Throughout many stories, characters have a certain opinion of themselves, or a certain way they view themselves, yet by the end of the story, they realize they are not who they thought they were. In the play Oedipus the King written by Sophocles this is exactly what happens. Oedipus is seen as the most tragic character because, in the beginning of the play he sees himself as a great, and intelligent man, although by the end of the play, Oedipus realizes his ignorance.
In the beginning of the play, Oedipus solves the riddle and defeats the Sphinx, which causes Oedipus views himself as one of a kind. After the Sphinx defeat, Oedipus is speaking to the Priest and describes himself as, “I Oedipus, whom all mean call great!”(11, line 8). There have been many attempts to solve the riddle of the Sphinx, and Oedipus has been the only one to prove successful. This shows the reader that Oedipus has qualities which make him great. With this success, the citizens of Thebes admire Oedipus and request Oedipus to be their king and savior. The Priest comes to Oedipus begging for his help and says “Now Oedipus, greatest in all men’s eyes, here falling at your feet we all entreat you, find us some strength to our rescue…noblest of men, go, and rise up our city, go—and give heed. For now this land of ours calls you it’s savior since you saved it once. Raise up our city, save it, and raise it up”(12,line 40-45). The Priest praises Oedipus for defeating the Sphinx and saving their city once but now calls upon him to help solve the mystery of who murdered King Liaus and put and end to the plague in order to restore Thebes to it’s glory. It is Oedipus’s power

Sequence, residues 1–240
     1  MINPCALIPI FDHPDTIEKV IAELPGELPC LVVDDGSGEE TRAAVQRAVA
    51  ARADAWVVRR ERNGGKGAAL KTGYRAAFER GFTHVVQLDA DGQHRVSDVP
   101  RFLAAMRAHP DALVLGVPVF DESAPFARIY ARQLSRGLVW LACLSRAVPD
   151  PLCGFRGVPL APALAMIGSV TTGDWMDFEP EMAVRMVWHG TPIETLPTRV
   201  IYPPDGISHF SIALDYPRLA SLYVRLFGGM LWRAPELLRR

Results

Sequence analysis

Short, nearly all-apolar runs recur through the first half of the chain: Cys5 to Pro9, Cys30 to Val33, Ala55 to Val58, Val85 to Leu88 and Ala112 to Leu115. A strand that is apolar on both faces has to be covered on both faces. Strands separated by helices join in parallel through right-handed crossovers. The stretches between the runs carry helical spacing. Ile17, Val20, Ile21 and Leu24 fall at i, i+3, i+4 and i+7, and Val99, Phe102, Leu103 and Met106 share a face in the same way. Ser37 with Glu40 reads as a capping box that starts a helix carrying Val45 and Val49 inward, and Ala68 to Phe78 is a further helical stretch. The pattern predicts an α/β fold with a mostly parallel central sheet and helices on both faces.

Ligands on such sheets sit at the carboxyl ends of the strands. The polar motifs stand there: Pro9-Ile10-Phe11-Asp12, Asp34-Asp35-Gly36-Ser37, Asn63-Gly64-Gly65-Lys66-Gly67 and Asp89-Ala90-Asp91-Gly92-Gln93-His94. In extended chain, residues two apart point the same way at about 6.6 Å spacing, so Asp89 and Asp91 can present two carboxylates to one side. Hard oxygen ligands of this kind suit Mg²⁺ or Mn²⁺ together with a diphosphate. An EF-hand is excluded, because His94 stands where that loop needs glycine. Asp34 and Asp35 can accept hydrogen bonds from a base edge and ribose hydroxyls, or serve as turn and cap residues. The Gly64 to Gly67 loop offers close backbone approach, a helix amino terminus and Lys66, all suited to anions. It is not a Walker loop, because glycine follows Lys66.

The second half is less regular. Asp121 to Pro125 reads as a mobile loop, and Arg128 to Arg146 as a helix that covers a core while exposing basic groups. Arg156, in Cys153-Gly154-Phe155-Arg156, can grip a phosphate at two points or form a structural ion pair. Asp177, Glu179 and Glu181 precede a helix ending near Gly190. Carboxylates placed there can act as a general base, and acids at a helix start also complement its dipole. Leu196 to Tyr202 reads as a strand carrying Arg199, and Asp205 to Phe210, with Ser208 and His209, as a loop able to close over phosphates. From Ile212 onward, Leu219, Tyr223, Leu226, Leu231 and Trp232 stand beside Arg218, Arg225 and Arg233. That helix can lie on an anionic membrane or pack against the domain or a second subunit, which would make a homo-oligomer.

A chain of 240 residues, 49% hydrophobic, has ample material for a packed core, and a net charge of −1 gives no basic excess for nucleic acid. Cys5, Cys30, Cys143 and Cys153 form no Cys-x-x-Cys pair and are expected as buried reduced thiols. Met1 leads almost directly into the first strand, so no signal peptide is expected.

As king, Oedipus begins his quest to discover who murdered King Liaus. Oedipus speaks to Creon about the murderer of the king, when Creon reveals to Oedipus that Oedipus himself is the man he has been searching for. Oedipus seeks comfort in his wife Jocasta when Jocasta tells him not to concern himself with what Creon has...
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